Our Orang Asli Children Are Dying: Do We Care?

From 2012 to 2017 the government spent RM 2.3 billion on a “river of life” project in Kuala Lumpur, but it was not willing to spend RM 15 million yearly to feed Orang Asli children.

I often wonder if our nation wants to hear truth or just cover-up the reality? Also I wonder if we will ever get serious about the important issues facing marginalised communities that have no voice?

The recent uproar over inner city (KL) children being malnourished is good but there is a disproportionate silence about the long standing malnutrition of our Orang Asli children.

We hope, with the birth of a new Malaysia and a new government that focuses on the needs of the people, that truth and reality can be shared about our Orang Asli sisters and brothers.

Fact 1: The vast majority of our Orang Asli children are malnourished & it is worsening

(Read here: Don’t have enough food to eat on a day to day basis)

Numerous studies, over decades, have shown that 70-80% of Orang Asli children are underweight or stunted in height by school going age. What is more worrying is that malnutrition rates are increasing in Orang Asli children due to extensive loss of habitat.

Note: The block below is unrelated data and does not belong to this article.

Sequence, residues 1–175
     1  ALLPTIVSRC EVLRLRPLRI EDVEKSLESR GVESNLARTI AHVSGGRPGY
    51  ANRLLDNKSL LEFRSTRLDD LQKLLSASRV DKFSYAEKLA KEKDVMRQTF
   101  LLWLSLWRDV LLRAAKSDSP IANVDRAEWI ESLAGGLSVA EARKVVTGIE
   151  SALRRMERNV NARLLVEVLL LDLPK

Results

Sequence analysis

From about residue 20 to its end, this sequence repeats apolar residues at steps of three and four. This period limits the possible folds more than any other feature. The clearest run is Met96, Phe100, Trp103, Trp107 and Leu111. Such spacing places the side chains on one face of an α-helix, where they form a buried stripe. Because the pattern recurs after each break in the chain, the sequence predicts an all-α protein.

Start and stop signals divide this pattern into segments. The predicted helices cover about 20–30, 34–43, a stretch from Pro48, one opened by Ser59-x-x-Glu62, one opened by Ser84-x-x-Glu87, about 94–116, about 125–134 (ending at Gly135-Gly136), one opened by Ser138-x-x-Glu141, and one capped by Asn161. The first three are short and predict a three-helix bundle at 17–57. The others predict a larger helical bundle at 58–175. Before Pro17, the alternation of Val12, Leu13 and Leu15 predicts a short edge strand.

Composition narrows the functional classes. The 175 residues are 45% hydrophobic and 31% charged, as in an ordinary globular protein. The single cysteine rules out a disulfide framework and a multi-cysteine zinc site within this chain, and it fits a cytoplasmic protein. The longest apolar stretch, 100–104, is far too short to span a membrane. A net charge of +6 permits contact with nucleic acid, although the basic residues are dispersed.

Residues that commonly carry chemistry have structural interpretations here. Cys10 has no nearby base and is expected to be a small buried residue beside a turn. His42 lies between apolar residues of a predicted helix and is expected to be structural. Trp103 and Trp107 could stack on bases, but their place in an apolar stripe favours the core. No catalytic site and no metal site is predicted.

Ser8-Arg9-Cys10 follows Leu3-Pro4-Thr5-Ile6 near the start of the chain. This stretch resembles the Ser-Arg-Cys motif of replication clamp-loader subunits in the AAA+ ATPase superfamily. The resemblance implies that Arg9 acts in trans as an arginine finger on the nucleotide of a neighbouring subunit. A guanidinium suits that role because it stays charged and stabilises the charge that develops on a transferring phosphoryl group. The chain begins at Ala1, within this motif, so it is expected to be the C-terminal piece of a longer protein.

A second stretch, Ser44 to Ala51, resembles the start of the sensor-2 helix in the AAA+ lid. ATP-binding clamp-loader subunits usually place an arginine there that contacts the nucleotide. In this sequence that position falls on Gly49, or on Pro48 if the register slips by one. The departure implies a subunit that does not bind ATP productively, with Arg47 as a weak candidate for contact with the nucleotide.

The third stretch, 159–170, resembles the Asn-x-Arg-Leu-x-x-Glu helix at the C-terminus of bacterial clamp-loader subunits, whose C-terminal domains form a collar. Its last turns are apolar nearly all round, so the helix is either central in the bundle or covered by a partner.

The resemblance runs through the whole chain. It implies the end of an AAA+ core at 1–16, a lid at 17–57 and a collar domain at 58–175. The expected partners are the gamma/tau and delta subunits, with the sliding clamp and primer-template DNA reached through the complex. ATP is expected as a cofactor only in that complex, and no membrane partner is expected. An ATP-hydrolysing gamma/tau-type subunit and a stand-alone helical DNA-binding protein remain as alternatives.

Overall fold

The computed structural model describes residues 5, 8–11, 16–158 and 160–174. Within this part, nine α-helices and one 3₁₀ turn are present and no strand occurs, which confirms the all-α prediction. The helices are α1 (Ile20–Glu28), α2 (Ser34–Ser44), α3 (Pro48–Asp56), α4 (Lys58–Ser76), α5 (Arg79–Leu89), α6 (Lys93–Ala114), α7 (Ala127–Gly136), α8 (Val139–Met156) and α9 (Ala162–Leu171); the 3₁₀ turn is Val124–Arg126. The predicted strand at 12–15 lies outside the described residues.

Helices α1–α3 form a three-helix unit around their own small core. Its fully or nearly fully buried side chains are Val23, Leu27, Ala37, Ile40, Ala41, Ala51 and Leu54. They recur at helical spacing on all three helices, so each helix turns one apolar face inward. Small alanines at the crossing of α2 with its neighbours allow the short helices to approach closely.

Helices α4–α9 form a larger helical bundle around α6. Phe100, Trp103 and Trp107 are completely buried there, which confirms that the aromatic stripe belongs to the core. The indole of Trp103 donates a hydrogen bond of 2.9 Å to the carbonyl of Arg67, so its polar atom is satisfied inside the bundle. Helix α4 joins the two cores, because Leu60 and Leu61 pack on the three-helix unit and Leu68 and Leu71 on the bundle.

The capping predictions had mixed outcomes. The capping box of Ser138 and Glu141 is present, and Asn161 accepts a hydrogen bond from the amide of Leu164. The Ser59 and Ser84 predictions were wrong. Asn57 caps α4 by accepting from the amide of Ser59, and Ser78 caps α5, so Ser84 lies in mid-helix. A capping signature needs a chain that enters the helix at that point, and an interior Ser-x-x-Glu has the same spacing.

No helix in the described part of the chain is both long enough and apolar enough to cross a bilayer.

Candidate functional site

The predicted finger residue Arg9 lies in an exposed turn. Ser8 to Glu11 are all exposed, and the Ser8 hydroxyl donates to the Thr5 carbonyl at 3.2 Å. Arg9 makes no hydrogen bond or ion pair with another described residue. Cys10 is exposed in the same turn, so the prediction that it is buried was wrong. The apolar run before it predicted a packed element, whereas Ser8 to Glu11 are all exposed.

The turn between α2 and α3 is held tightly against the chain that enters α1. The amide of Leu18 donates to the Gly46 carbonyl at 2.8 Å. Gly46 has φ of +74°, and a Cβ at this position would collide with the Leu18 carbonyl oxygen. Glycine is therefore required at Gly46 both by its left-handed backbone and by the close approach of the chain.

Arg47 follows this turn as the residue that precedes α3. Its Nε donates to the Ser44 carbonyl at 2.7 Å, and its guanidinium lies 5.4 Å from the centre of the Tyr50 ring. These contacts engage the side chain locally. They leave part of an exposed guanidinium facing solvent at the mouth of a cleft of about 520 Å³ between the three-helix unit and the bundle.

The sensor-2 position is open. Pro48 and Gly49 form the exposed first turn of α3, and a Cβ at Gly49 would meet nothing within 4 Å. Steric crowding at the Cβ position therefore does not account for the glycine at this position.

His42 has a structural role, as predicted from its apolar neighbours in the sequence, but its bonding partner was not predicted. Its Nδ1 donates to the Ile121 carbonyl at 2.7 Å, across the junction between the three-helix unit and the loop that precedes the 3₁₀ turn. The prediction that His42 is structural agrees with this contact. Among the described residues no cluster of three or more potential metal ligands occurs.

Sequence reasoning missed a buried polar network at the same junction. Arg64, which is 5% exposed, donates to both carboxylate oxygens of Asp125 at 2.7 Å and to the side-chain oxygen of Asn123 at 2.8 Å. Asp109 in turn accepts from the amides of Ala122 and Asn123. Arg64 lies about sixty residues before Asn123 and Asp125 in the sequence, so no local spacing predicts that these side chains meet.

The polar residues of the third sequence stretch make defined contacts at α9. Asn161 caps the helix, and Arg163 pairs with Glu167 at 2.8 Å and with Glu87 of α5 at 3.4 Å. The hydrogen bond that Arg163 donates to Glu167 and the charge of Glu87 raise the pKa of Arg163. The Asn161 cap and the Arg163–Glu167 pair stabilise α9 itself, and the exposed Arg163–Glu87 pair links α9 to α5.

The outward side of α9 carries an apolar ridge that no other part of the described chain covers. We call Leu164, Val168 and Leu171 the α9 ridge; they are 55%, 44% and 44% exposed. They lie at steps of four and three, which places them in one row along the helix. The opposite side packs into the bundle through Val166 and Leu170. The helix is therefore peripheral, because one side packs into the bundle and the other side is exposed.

A recent study we did on Orang Asli children in Perak (1329 children in the state under 2 years of age) showed that 40% were malnourished by 2 years of age (Clinical Research Centre Perak 2016).

The real figure is much higher as many (40%) had poorly plotted growth charts that could not be evaluated. It must be remembered that we in Perak, under the Ministry of Health, have the best re-feeding nutrition programme for Orang Asli children and yet we cannot halt this malnutrition crisis among Orang Asli children.

Fact 2: Orang Asli children die at a rate 6-8 times higher than other Malaysians

The true mortality for Orang Asli children is not easy to determine as we are not able to document all those that live in the interior. But available data suggests that the death rate in these children is 6-8 times that of the national average.

This means that for every 1 Malay, Chinese or Indian child that dies, 6-8 Orang Asli children will die. The true difference is probably higher.

I have been involved with this community for more than 3 decades and have observed a deterioration in their health and economic status over the last 30-40 years. In the past we rarely saw malnutrition among the children and they would die predominantly from malaria.

In the past 20 years the vast majority of Orang Asli children die as a result of underlying nutrition.

They are not able to cope with a simple diarrhoea or pneumonia infection due to chronic malnutrition. The primary reason for poor health and the high prevalence of malnutrition are external social factors affecting the Orang Asli people including resettlement schemes, logging and river silt pollution; all resulting in a loss of traditional protein sources.

Fact 3: The Death Trap of government resettlement schemes and the extensive logging around Orang Asli villages

The government resettlement programmes for the Orang Asli are a death trap for many; they worsen malnutrition by removing food security.